THE WHITE HOUSE

                       Office of the Press Secretary

For Immediate Release
December 28, 2000

                                BETH NOLAN

     Today the President has revoked Executive Order 12834, effective at
noon on January 20, 2001.  The Executive Order has imposed special
post-employment restrictions on senior appointees of the Clinton
Administration in order to ensure that they not appear to have undue access
to their former colleagues when their government service ended. It did so
by extending to five years the one-year lobbying bar imposed on senior
officials and trade negotiators by statute and also imposed a lifetime bar
on activities that required registration under the Foreign Agents
Registration Act.

     When the President signed the Executive Order, he did so to ensure
that his senior appointees would be focused only on serving the American
people.  It has served that goal well.  It has been in force throughout
this Administration and has applied to thousands of senior appointees.
Clinton Administration appointees have known from the outset that their
sole purpose in accepting a government position was to work for the
American people and not to further their own post-government careers.

     The Executive Order has been applied only to those appointed by
President Clinton; no appointees in prior Administrations have been subject
to it, including senior appointees who held over from the prior
Administration and served under President Clinton. The main policies
underlying the Executive Order no longer apply when there is a change of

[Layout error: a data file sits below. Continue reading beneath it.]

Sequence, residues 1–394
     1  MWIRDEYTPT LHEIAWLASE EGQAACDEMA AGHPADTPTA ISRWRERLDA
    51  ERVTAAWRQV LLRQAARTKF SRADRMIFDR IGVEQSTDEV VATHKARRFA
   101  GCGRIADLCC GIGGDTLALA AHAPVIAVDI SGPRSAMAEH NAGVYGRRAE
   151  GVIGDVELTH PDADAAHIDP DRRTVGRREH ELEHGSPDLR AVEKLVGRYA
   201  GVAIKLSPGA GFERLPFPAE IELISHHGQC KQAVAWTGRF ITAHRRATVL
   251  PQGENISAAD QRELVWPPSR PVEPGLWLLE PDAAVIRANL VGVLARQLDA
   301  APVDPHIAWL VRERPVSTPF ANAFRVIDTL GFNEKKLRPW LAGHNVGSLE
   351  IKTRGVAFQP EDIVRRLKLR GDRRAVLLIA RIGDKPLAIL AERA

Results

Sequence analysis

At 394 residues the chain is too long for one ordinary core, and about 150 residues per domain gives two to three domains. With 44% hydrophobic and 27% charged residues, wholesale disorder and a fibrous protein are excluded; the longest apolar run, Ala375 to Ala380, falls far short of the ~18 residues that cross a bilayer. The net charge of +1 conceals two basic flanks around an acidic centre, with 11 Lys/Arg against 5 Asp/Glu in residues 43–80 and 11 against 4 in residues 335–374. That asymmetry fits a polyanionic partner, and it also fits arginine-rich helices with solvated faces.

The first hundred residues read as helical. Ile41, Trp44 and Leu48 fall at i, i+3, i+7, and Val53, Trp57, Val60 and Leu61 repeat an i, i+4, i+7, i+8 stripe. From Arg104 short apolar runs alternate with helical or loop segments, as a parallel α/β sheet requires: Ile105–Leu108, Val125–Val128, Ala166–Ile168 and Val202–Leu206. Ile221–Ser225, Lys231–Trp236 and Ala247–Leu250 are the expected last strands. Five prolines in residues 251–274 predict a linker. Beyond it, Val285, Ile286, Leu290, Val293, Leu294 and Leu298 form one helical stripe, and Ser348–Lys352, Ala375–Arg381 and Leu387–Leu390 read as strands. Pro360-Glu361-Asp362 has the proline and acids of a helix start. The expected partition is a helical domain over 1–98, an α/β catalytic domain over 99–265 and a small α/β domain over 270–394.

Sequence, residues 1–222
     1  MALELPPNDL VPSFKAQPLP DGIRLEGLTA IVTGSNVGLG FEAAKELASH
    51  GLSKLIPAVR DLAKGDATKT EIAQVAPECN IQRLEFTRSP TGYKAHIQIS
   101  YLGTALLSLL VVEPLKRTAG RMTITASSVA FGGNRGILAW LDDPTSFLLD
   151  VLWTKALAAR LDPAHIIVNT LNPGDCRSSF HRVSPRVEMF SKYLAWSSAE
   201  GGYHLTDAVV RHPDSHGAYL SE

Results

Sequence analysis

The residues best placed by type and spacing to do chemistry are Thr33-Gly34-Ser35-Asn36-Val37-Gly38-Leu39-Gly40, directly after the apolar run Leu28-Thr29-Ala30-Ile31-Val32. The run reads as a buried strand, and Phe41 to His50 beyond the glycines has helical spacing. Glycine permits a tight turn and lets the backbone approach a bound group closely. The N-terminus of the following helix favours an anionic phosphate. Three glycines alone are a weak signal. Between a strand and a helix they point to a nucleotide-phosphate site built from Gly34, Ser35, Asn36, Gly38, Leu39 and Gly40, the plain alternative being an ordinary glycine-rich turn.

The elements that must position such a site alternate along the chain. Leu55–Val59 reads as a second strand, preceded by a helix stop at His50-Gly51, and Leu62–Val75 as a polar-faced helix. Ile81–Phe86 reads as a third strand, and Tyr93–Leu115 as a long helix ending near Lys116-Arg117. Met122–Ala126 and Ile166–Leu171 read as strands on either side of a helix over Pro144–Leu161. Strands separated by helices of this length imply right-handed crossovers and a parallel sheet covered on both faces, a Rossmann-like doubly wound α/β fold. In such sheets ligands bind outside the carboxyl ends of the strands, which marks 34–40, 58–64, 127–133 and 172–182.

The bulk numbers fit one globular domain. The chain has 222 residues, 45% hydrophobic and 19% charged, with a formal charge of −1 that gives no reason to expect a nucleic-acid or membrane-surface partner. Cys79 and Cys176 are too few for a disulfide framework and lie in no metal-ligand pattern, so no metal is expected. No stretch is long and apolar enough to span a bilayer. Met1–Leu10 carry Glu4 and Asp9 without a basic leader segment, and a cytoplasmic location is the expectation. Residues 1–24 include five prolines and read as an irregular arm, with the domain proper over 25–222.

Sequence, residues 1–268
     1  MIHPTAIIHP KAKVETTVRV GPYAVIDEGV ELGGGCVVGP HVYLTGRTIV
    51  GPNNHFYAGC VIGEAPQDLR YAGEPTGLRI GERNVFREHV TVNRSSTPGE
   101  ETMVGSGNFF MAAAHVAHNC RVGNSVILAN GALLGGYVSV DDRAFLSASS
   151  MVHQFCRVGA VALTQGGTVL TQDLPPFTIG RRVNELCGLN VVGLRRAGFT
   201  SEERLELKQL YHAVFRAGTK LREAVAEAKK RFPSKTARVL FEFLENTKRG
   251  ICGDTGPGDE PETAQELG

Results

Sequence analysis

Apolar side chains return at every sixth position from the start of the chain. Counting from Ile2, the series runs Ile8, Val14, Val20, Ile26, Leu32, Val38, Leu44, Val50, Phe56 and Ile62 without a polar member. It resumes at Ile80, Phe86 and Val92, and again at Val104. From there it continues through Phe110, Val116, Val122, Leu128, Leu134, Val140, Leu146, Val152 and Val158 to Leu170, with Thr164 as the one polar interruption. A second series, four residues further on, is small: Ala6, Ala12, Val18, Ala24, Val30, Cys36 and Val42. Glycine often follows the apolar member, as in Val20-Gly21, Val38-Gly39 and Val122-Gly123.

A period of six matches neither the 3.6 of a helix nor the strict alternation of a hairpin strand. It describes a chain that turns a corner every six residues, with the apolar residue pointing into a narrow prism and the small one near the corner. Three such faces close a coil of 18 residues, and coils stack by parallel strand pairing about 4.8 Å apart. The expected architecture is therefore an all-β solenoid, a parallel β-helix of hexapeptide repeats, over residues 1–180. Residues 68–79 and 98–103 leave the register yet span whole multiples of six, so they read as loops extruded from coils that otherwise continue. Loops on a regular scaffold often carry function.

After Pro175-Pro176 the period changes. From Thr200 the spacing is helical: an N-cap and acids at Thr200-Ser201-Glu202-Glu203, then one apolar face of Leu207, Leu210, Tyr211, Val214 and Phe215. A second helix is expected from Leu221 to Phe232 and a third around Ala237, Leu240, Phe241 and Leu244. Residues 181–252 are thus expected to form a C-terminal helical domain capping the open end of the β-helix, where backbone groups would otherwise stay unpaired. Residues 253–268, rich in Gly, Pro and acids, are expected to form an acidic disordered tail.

parties at the White House.  Senior appointees of the Clinton
Administration will not have the kind of special access to a Republican
Administration that the Executive Order was designed to regulate.

     Indeed, as President Clinton is about to leave office, we have been
urged by many, including the sponsors of the Presidential Appointee
Initiative, to reexamine the need for continued application of the
Executive Order.  We agreed that a reevaluation makes sense at this time.

     The President believes that the Executive Order has served its
purpose.  Former Clinton Administration appointees will still be limited by
the post-employment restrictions that apply to all former government
officials.  Because special access is no longer a concern, however, the
special measures contained in the Executive Order are no longer necessary.
Thus the President has determined that his senior appointees will no longer
be subject to the requirements of the Executive Order after January 20,

     Furthermore, as a new President from a new party is about to assume
office, the new Administration should have the same flexibility to decide
for itself what post-employment restrictions it may wish to impose beyond
that which the law already requires.  By revoking Executive Order 12834,
President Clinton leaves the new Administration with maximum flexibility.


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